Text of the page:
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Investment markets shrug off downbeat data
Markets closed July on an upbeat note last week, with the S&P 500 stock market index in the US recording its best month since November 2020, and US Treasuries seeing their best performance since March 2020. This was in spite of mixed economic data from across the globe.
- In the US, the Federal Reserve Bank (Fed) announced that it would raise its benchmark interest rate by another 0.75% taking the range to 2.25% to 2.50%. (Fed interest rates are stated in ranges: the range had previously been set at 1.5%-1.75%.) Fed Chair Powell remained cautionary, noting that inflation is too high and that the Fed is strongly committed to bringing it under control with another 0.75% hike on the table for September. He also added that the rates hiking cycle would slow at some point, which markets took favourably.
- Also in the US, Q2 2022 GDP economic activity showed the second consecutive quarter of economic contraction, spurring endless debates as to what constitutes a recession. (Two consecutive quarters of contraction is one technical definition of a recession, but in the US, the National Bureau of Economic Research apply a different methodology which has not indicated recession yet). There also appears to be a greater focus on jobs growth, which remains strong, as a primary indicator for the turning point in the current business cycle.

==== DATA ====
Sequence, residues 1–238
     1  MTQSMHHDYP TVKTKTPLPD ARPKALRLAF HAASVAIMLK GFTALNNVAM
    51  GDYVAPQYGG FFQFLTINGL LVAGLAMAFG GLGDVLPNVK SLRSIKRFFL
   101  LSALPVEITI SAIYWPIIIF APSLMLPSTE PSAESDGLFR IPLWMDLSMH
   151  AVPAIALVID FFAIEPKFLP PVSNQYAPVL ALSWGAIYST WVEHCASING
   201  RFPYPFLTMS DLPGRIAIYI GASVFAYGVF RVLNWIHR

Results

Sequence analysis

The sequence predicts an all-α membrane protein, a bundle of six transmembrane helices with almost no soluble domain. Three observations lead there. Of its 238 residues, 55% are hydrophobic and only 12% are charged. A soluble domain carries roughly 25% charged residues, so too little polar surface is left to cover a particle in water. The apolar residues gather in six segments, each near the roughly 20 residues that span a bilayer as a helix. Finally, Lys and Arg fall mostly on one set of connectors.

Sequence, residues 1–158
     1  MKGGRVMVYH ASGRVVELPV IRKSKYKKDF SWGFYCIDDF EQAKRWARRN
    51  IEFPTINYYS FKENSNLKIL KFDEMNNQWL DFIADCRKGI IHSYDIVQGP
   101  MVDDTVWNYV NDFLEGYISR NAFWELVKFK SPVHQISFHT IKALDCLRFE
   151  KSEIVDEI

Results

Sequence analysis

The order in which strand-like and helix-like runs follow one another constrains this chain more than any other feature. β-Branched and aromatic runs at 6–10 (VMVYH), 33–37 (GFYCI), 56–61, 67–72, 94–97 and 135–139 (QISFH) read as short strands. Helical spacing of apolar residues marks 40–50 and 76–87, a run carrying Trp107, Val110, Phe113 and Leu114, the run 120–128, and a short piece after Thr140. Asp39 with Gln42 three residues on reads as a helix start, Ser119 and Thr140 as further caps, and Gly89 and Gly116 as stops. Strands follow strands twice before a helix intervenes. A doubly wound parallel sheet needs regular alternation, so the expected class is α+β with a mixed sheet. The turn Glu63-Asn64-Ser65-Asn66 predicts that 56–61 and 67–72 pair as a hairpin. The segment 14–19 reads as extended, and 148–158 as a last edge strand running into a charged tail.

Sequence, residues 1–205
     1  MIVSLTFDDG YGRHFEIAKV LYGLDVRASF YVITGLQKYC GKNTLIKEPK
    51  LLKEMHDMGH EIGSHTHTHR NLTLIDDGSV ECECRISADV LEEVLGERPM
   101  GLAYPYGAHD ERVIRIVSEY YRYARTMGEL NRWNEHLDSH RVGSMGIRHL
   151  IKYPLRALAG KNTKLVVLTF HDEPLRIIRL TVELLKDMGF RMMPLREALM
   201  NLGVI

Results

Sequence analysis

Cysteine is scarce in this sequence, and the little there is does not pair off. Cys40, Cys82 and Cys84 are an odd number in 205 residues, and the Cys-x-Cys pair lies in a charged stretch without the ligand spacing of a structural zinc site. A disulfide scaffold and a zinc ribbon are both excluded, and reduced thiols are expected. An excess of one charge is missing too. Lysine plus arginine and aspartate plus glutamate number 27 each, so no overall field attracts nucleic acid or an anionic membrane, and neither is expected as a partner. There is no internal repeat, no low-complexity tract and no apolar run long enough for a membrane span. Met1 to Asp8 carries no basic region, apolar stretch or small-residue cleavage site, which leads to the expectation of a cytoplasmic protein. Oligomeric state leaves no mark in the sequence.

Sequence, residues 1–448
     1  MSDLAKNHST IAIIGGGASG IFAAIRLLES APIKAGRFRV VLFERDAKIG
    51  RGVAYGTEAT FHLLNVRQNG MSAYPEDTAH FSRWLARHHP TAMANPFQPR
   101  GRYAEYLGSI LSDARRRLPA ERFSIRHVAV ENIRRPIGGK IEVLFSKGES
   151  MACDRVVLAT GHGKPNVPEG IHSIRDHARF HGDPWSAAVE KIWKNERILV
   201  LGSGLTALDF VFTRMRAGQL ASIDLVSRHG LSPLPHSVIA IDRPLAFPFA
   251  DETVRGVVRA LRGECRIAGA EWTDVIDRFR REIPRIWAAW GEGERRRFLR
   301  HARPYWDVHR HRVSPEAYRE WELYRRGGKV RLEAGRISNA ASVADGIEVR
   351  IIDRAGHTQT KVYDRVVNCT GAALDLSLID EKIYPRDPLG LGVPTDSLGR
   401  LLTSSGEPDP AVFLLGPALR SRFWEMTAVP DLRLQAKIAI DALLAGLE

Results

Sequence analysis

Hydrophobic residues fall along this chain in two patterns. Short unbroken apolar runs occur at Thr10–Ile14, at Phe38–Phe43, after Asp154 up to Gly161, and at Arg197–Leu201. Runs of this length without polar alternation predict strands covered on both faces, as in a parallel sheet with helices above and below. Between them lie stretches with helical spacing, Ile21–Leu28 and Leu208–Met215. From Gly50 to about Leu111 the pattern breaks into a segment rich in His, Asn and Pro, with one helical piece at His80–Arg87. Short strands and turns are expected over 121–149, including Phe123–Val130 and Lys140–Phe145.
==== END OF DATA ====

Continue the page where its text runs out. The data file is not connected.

- Meanwhile, on the global stage, the International Monetary Fund (IMF) downgraded its outlook for global growth and increased its inflation forecasts, citing monetary tightening, China lockdowns and spill-overs from the war in Ukraine. The IMF also revised up its developed nations inflation forecast. Investment markets took this news in their stride as the deteriorating economic outlook has already been factored in.
- Finally, the second quarter earnings results is well underway with many companies reporting better-than-expected results, in particular, the mega-sized technology companies, which had such a poor first half of the year.
Weekly market moves
- Stock markets had a strong week based on hopes that slowing growth will see central banks ease up on the pace of monetary tightening and helped along by better-than-expected, company earnings results. With the exception of Japan and Emerging Markets, most markets were in positive territory.
- Bond markets also performed well, in particular inflation-linked UK government bonds.
- In commodities, oil prices rose despite slowing economic activity data.
What to look out for this week
- The main focus this week will be on Friday’s release of the July jobs data in the US. The data is expected to show a further slowing in payroll growth, flat unemployment, and a slight slowdown in wages growth.
- On Thursday, policymakers at the Bank of England are expected to follow other central banks and raise interest rates, possibly by the largest increase in 25 years, with a rise of 0.5 percentage points. If this comes to pass, the Bank’s benchmark rate will be at 1.75%.